For secure comms and blue-force tracking, look to the stars

The inReach Explorer is a unique tool because it allows a headquarters to communicate critical two-way information, track and deploy units and even employ navigational features


For people into adventure sports, tracking technology is a valuable safety net. For public safety responders, it is an indispensable tool.

One such tool is the Delorme inReach Explorer, a 6.7-ounce handheld satellite communicator designed to provide global communication with compatible handheld devices.

Delorme’s Kim Striver described to me the capabilities of the company’s inReach Explorer. The inReach Explorer is only a little larger than most cell phones and is designed for hard use environments.

Striver said the inReach Explorer communicator is resistant to unauthorized monitoring. In fact, one Southern California agency uses them for secure communications during investigations, she said.

In addition, the inReach Explorer does more than just satellite communication. When purchased as an enterprise solution, it can be used for blue-force tracking as well. GPS coordinates can be plotted at a prescribed interval and reported to a command center. This enables an agency to track the location of units and equipment.

One of the options in inReach Explorer is for an agency to integrate custom forms, which can feed data from the field into a command center. This would be useful for a crime scene that is spread over a large area, coordinating a search or marking a large interdiction area.

The inReach Explorer is not designed as a navigation handheld, but it does provide basic satellite navigation, allowing waypoint marking and some track data storage. When paired with a mobile device, it can be used to plot topographic data.

I’ve had a chance to play with the predecessor of this product. Against several other products, Delorme products punch through when others won’t.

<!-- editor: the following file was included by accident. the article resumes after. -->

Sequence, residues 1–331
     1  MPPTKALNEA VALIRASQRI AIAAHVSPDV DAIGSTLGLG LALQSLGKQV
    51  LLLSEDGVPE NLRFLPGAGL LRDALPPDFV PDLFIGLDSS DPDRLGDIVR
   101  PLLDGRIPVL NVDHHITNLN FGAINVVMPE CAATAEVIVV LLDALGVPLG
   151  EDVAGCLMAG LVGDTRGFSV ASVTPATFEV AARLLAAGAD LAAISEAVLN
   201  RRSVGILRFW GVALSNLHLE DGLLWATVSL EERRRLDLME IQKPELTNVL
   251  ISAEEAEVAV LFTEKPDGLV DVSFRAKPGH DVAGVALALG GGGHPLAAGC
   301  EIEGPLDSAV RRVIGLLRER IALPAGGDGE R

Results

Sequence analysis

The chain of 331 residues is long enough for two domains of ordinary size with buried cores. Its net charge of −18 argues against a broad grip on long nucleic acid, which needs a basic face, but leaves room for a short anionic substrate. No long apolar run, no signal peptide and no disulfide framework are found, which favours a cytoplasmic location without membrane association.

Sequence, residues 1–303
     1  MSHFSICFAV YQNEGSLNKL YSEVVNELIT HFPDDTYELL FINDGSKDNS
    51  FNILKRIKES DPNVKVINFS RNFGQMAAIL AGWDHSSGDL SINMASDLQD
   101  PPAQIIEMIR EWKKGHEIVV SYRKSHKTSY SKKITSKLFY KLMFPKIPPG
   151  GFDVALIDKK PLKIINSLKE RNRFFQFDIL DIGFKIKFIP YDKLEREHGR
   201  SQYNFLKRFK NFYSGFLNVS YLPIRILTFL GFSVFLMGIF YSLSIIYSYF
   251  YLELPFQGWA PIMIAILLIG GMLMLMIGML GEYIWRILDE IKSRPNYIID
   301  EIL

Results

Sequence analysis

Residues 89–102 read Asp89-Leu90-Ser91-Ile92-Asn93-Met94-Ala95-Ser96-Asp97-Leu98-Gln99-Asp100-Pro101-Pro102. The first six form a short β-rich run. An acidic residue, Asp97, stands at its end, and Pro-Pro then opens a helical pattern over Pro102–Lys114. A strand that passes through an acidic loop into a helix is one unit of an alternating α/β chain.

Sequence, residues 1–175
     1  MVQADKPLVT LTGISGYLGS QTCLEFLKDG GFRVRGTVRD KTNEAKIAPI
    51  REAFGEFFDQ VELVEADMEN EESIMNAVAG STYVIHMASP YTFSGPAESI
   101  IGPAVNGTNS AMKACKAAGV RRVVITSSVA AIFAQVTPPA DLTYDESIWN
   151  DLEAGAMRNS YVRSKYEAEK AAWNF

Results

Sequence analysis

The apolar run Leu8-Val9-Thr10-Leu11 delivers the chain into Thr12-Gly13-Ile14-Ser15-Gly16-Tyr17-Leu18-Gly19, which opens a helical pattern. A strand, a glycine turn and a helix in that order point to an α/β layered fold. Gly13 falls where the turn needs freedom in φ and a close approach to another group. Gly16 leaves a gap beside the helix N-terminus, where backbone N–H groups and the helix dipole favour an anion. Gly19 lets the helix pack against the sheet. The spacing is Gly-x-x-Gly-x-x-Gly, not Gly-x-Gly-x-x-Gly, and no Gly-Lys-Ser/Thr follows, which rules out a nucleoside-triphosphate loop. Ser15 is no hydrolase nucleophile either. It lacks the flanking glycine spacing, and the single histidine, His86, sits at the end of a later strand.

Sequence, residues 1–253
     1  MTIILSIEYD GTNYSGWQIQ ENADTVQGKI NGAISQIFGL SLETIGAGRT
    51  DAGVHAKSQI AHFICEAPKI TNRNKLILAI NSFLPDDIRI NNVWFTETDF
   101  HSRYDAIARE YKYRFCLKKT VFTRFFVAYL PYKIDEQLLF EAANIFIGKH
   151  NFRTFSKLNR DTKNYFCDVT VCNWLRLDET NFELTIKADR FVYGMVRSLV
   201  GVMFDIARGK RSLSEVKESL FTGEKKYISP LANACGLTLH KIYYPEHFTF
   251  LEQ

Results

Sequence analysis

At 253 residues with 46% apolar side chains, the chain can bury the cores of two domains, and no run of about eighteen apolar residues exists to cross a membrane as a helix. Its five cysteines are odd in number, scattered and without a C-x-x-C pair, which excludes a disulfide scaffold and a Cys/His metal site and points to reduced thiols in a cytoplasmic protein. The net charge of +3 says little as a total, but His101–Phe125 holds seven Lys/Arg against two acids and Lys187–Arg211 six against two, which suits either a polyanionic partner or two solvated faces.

The consumer version of the inReach Explorer has an SOS button, which goes to a global response center. For the public safety version, it can be routed to the law enforcement command center. I imagine some smaller agencies end up getting theirs at an outdoor store like REI. In that case, they would need to work with DeLorme on where this activation can be routed.

I asked Striver how secure unit to satellite communication is on the inReach Explorer. She told me that it uses the Iridium global satellite network, which is a commercial network.

However, as everyone knows, the protocol and security standard for this type of communication is relatively high. It doesn’t get sent to the satellite as a viewable text and is not readily hacked.

In fact, I know of agencies generally use satellite texting when they don't want to send something over the radio. That is, many agencies use the inReach Explorer, even if they are in town.

The inReach Explorer uses a helical satellite antenna and communicates using short data bursts. This is important to the law enforcement user. This data protocol and antenna punches through when other products cannot.

To put this in perspective, during a recent rescue, the victims had three satellite communication products in a ravine surrounded by terrain features. Guess which product is credited with the rescue?

In case anyone was wondering, the Iridium global satellite network has more overlap and redundancy than most dispatch centers.

The inReach Explorer is a unique tool because it allows a headquarters to communicate critical two-way information, track and deploy units, and even employ navigational features. It’s not just for working off the grid.

About the author

Lindsey Bertomen is a retired police officer and retired military small arms trainer. He teaches criminal justice at Hartnell College in Salinas, California. He has a BS in Criminal Justice and an MS in Online Teaching and Learning. Lindsey has taught shooting techniques for over a decade. His articles on firearms tactics have appeared in print for over a decade. Lindsey enjoys competing in shooting sports, running, and cycling events.

Contact Lindsey Bertomen

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